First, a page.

There was an announcement:

‘We are experiencing some turbulence, would you please remain in your seats and stay calm. We will be handing out something to help you.’

Participants of the 2019 HOTA conference in the Great Hall of University House, ANU, were passed, to their amusement, a waxed-paper airline sickbag. However, it wasn’t empty, and the outside was printed with the conference logo and the initials F&F. Each bag contained a laminated Conference Emergency Card’ and a 12pp ‘inflight zine’ called HOT AZ. Fred & Flo are sorry-not-sorry for the amount of rustling and chuckling during the next speaker’s talk…

2019 HOTA conference waxed-paper airline sickbag

Tasked by the organisers to do an artistic activation for the conference, Fred (Dr Ursula Frederick) and Flo (Dr Caren Florance) wanted to make something to hold in the hand, in keeping with Fred’s object-based practice and Flo’s collaborative printing practice. A zine is a casual, lo-fi publication that has a small distribution run, often utilising a raw, DIY or punk aesthetic. In keeping and in contrast with the commercial airline magazines designed to alleviate boredom and guide you to your destination, the zine seemed the ideal format to engage laterally with the themes of the conference: Modernism, Machines, Migration, Memory. We sourced the sickbags online and gave them a unique design that used a hand-pulled screenprint in black-brown by Fred at Canberra’s Megalo Print Studio, and a bright orange letterpress ink swipe hand-rolled by Flo at the ANU SOAD Printmaking Workshop.

Sickbags were created using a hand-pulled screenprint in black-brown by Fred at Canberra’s Megalo Print Studio

Fred has a collection of inflight magazines, and we plundered these for ideas for the Heritage of The Air Zine! (HOT AZ!) pages. There were many ideas that were left on the cutting room floor for lack of time, but anyone who has travelled frequently on planes will recognise the brilliance of her ‘consumption collages’, using jewellery and watches. We followed the traditional inflight mag pattern: a jolly CEO greeting, local landmark features, a more rigorous than usual flight map with statistics, puzzle pages, entertainment lists, and lots of ads. There are small surprises throughout for the keen (and sharp) eye, and the QR codes on page 8 lead to airplane-related historical sound files.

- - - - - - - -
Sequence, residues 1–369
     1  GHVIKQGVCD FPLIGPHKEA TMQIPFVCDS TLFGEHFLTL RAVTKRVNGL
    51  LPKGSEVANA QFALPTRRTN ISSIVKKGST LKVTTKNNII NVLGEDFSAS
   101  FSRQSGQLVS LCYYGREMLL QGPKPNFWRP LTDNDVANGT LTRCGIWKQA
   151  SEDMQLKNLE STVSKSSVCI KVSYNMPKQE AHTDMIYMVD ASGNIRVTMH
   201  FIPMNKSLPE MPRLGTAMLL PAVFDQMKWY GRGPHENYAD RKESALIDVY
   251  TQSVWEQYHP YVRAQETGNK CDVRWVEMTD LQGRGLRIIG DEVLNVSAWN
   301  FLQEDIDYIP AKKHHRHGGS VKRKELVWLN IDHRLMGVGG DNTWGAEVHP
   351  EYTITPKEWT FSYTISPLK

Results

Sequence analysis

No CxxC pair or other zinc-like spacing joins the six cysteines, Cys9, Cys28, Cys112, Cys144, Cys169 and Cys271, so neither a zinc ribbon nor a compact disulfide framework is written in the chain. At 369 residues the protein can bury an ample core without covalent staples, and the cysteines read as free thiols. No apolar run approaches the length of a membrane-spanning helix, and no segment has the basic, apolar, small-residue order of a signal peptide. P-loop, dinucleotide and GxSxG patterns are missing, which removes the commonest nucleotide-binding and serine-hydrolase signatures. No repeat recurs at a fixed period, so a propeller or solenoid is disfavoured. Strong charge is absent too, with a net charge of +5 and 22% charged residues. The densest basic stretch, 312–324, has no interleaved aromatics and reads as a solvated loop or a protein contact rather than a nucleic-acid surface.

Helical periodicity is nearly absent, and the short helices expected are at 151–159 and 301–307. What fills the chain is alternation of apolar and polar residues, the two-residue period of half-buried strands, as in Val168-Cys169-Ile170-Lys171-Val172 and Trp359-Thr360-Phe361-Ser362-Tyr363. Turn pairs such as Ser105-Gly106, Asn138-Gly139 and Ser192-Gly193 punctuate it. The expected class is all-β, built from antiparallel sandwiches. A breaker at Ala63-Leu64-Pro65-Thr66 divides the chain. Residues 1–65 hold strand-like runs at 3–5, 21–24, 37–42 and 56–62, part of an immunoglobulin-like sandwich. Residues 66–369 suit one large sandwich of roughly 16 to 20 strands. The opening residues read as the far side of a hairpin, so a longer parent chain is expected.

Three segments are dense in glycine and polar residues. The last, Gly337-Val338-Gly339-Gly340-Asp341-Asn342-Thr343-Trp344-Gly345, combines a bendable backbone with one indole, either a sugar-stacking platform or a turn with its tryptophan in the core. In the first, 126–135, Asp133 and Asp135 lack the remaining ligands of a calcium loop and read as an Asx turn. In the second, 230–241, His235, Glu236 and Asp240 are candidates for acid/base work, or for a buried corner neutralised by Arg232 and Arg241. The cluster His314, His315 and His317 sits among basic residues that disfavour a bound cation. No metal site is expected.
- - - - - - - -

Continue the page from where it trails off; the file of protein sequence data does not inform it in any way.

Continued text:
The emergency card links to the zine via our mutual interest in contemporary human rights and surveillance issues. One side is helpful ‘conference emergency advice’ – who hasn’t been cornered at a conference by someone they don’t want to engage with? It tells you to hold the reverse of the card up in front of your face as a disguise. This gave us an opportunity to feature a very contemporary form of ‘dazzle’, or strategic camouflage first developed in WWI. The hair and makeup on our dazzle diagram is designed to thwart facial recognition cameras (increasingly prevalent at airports) and the QR code in the corner will take you straight to the source article. One of the most important features on the card is the conference NO-NO list, modelled on the airport charts of contraband substances and objects. Again, this is the result of a brainstorm about bad conference behaviour and can also double as a bingo card.

We decided to include controversial information about flight, both contemporary and historical. It is our prerogative as artists to present ideas, push buttons, and test concepts. We wanted to entertain, but also provoke and showcase. Afterall, the turbulence, discomfort and stale air of transit allows us to better appreciate the conditions of a safe arrival. The hours spent pulling squeegees, folding and stapling paper, and stuffing sickbags were absolutely worth it when you hold the real thing in the hand. Hold on tight if you managed to get one: they may one day be collectible…


Caren Florance and Ursula Frederick

Caren Florance works creatively with text and print in many different ways, but books remain close to her heart. Ursula is an artist based in Canberra, Australia. Her primary modes of art practice are photography, printmaking and video.

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